Potassium cyanide

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Potassium cyanide
IUPAC name
Potassium cyanide
Jmol-3D images Image
Molar mass 65.12 g/mol
Appearance White solid
Odor Faint almond-like
Density 1.52 g/cm3
Melting point 634.5 °C (1,174.1 °F; 907.6 K)
Boiling point 1,625 °C (2,957 °F; 1,898 K)
71.6 g/100 ml (25 °C)
100 g/100 ml (100 °C)
Solubility Soluble in ethylene glycol, glycerol, methanol
Slightly soluble in acetonitrile, DMF
Almost insoluble in acetone, dioxane, tert-butanol
Solubility in ammonia 4.55 g/100 g (-33.9 °C)[1]
Solubility in ethanol 0.57 g/100 ml
1.21 g/100 ml (20 °C)
Solubility in formamide 14.6 g/100 ml
Solubility in glycerol 31.84 g/100 ml (15 °C)
Solubility in hydroxylamine 41 g/100 ml
Acidity (pKa) 11.0
127.8 J·K−1·mol−1
−131.5 kJ/mol
Safety data sheet Sigma-Aldrich
Flash point Non-flammable
Lethal dose or concentration (LD, LC):
5 mg/kg (oral, rabbit)
10 mg/kg (oral, rat)
5 mg/kg (oral, rat)
8.5 mg/kg (oral, mouse)
Related compounds
Related compounds
Sodium cyanide
Except where otherwise noted, data are given for materials in their standard state (at 25 °C [77 °F], 100 kPa).
Infobox references

Potassium cyanide is a compound with the formula KCN, a very toxic cyanide salt, similar to sodium cyanide, with a variety of uses in chemistry and industry.



Potassium cyanide can be oxidized to potassium cyanate using hydrogen peroxide or bleach.


Potassium cyanide is a white solid soluble in water. It has a weak almond-like odor.


Chemical suppliers may sell potassium cyanide, however, due to its high toxicity, it's almost impossible to get hold of.


There are several ways to produce potassium cyanide.

One route involves melting cyanuric acid or urea with potassium hydroxide. This gives potassium cyanate. Crush the resulting solid and grind it. Mix it with a reducing agent, such as carbon and heat it until no more gases are released. Or use magnesium as a reducing agent to make a thermite-like mixture, which is ignited to reduce the potassium cyanate to potassium cyanide, though the yield of this route is bad. Both routes give impure potassium cyanide, which needs to be purified to be of any use in chemical reactions. See the preparation section of NaCN for more information.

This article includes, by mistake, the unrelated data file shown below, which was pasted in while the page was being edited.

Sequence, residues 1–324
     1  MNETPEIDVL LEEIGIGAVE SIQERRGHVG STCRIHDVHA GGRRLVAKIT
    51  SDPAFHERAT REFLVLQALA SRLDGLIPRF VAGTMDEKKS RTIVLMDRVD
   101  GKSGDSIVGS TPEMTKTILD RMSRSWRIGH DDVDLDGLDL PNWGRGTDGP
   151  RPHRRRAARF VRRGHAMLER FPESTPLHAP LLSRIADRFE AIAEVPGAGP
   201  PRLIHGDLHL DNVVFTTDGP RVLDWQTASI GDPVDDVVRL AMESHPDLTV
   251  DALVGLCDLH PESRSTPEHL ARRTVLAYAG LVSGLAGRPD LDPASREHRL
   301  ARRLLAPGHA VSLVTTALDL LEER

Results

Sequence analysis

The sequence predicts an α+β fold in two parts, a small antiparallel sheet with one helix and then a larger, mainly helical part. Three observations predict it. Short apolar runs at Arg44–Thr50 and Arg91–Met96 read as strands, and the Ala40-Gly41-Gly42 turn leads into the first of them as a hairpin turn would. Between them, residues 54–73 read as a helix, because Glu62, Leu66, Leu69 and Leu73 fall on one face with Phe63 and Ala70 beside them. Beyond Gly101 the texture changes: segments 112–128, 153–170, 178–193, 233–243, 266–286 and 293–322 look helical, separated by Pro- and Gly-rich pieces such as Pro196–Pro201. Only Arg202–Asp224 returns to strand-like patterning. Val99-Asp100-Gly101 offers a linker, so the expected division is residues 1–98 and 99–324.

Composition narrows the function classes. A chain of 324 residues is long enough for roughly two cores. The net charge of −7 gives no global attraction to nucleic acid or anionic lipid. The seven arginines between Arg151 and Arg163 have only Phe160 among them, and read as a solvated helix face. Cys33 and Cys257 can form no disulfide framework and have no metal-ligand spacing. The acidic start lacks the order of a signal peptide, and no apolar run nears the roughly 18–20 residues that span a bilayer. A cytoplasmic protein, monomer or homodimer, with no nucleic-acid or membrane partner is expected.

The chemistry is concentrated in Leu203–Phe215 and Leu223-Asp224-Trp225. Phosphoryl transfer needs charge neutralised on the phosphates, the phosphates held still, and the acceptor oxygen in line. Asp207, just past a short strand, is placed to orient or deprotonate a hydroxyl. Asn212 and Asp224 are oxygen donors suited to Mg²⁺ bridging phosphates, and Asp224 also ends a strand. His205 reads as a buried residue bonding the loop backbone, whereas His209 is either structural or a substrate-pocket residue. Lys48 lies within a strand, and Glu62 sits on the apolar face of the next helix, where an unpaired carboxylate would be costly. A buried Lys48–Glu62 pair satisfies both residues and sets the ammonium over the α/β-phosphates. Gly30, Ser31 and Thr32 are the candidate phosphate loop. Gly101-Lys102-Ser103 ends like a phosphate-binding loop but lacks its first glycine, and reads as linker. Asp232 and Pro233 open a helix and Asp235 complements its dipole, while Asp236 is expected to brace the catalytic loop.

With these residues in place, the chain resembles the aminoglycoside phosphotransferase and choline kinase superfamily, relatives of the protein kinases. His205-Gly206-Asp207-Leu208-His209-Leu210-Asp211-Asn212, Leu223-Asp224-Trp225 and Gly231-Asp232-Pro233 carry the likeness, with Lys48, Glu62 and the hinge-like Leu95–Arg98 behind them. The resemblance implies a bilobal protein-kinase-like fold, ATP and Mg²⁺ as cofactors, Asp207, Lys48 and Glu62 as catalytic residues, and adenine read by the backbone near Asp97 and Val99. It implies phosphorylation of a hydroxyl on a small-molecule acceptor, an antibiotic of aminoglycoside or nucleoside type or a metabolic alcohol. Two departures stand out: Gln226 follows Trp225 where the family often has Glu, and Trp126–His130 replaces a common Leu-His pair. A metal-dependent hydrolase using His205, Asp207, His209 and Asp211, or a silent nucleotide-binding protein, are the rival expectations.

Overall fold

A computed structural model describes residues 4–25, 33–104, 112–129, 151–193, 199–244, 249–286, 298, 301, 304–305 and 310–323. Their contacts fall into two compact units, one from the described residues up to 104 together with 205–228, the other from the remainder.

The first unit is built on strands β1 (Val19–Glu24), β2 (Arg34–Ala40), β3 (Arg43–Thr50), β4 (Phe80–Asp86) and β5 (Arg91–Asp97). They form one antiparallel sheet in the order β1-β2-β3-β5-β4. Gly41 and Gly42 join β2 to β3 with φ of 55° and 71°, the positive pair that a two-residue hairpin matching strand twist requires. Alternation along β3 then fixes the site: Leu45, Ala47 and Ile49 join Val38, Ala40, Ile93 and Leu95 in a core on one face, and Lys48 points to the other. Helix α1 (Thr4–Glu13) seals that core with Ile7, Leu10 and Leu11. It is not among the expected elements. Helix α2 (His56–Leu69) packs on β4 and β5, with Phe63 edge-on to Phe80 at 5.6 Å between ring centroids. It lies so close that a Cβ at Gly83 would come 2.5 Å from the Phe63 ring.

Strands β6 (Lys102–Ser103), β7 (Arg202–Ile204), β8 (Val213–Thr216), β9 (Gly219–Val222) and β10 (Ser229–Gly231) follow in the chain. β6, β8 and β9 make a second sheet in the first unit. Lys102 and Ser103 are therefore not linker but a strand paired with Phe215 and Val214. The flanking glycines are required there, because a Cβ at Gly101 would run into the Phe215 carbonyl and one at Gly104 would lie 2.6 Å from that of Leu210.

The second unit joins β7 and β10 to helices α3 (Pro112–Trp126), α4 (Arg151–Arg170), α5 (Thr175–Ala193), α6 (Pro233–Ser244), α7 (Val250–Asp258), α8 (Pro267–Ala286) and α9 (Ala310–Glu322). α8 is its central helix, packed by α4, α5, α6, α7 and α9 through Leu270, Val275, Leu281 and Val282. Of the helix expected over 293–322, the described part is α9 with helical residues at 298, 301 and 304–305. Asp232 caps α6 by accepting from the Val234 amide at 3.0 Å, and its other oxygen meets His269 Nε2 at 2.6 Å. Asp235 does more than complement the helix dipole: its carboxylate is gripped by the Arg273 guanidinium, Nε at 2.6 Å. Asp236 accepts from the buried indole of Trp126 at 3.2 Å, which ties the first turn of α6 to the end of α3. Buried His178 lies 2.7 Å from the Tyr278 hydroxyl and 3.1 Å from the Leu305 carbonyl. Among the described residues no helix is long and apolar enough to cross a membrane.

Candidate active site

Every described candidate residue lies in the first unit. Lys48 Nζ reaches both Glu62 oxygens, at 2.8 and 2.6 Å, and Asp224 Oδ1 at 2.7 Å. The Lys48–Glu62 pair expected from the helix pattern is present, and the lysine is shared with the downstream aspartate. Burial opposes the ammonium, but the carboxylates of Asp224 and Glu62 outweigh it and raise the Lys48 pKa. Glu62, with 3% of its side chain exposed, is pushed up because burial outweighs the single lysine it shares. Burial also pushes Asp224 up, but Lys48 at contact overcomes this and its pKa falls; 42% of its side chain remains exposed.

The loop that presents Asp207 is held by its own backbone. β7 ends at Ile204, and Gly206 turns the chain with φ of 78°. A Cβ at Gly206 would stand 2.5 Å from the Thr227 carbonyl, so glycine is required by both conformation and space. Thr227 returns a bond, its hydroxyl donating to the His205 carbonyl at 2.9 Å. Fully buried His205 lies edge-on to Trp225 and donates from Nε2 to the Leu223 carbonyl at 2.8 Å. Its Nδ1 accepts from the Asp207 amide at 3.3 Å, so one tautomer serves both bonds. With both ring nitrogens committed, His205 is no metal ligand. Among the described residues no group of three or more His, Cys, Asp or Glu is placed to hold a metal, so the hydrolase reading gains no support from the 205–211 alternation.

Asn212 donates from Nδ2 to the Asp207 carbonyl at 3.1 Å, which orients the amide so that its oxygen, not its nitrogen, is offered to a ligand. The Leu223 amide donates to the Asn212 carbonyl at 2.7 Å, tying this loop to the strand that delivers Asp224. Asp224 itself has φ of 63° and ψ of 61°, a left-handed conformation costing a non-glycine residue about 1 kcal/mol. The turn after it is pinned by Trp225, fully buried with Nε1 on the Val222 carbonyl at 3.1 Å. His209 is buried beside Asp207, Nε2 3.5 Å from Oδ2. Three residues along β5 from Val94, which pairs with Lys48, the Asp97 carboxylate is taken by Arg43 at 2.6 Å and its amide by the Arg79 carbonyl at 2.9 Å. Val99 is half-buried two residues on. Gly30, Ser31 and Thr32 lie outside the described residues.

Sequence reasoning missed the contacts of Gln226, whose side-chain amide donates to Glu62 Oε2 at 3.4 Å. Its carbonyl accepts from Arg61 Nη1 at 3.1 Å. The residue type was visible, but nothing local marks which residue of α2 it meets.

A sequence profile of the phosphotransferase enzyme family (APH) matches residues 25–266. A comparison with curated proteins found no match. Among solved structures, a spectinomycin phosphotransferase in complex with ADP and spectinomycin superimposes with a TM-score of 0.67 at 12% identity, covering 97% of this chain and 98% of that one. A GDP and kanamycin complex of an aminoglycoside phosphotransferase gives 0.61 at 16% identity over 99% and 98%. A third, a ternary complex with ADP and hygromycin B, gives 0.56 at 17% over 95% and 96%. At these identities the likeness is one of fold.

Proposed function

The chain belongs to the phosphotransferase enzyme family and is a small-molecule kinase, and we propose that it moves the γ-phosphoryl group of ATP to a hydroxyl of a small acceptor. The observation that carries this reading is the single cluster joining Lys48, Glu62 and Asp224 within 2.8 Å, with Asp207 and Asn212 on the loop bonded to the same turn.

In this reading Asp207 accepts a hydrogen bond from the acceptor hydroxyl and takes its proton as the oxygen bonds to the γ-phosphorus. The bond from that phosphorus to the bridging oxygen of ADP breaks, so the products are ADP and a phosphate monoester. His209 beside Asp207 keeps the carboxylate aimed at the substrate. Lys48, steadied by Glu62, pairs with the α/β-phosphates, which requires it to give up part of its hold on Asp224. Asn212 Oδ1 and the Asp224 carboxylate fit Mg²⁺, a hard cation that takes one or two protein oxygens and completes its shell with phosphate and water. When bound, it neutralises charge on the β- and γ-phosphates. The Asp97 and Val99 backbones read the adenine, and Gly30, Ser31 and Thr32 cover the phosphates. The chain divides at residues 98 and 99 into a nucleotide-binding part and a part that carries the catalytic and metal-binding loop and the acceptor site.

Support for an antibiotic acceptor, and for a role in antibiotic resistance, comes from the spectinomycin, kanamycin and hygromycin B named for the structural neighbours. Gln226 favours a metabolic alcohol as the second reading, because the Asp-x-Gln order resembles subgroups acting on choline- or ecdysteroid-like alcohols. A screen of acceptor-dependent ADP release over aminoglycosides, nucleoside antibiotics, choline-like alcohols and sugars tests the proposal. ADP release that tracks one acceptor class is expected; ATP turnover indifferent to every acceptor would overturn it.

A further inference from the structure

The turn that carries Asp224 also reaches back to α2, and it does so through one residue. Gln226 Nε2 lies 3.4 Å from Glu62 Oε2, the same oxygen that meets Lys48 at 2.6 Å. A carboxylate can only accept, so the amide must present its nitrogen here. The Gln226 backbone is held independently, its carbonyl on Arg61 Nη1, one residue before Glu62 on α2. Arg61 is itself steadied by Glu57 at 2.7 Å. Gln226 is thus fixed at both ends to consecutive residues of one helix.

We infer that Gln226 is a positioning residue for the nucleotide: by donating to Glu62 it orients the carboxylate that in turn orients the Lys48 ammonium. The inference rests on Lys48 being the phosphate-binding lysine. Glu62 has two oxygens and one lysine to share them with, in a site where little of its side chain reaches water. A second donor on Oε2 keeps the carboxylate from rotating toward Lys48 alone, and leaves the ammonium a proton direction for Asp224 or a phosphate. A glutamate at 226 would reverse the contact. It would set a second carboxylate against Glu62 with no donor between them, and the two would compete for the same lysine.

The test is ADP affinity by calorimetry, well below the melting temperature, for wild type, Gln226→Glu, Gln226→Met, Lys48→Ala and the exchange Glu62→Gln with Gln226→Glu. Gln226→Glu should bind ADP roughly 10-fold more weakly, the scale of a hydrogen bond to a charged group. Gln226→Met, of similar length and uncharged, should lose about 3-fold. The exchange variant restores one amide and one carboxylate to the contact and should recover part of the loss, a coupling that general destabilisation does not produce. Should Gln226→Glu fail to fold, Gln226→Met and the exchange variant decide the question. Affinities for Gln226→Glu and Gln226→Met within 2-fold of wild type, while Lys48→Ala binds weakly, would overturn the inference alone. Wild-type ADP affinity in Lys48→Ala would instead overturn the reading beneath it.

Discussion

A different route involves treating formamide with potassium hydroxide.

The decomposition of potassium ferrocyanide also gives potassium cyanide.

Another more dangerous route involves the acidification of Prussian blue to give hydrogen cyanide which is bubbled to a cooled solution of potassium hydroxide. This gives crude potassium cyanide which can be purified by recrystallization.


  • Make organic nitriles
  • Make cyanogen and cyanuric chloride
  • Extract and dissolve gold, silver metal
  • Make Prussian blue
  • Make glycolic acid
  • Von Richter reaction



Potassium cyanide is highly toxic. Ingestion can lead to death. The lethal dose for an average-weight person is considered to be between 200–300 mg.


Potassium cyanide should be stored in closed bottles, away from any acids, in a locked cabinet with a clear hazard label on the storage bottle.


Potassium cyanide can be destroyed by oxidizing it with excess bleach or hydrogen peroxide to the less harmful sodium cyanate.

KCN + NaClO → KOCN + NaCl
KCN + H2O2 → KOCN + H2O

Decreasing the pH of the potassium cyanate in the presence of bleach, by adding an acid, will cause it to convert to potassium chloride.[2]

2 NaClO + 2 H+ → Cl2 + 2 Na+ + H2O
2 KCN + 4 NaCNO + 3 Cl2 → 2 KCl + 4 NaCl + 2 CO2 + N2 + 2 H2O

Potassium cyanate will also slowly hydrolyzes in water to harmless potassium carbonate and ammonium carbonate.

2 KOCN + 4 H2O → K2CO3 + (NH4)2CO3


  1. http://nist.gov/data/PDFfiles/jpcrd643.pdf
  2. http://www.cipca.org/presentations/2013/parham_ww-treatment.pdf

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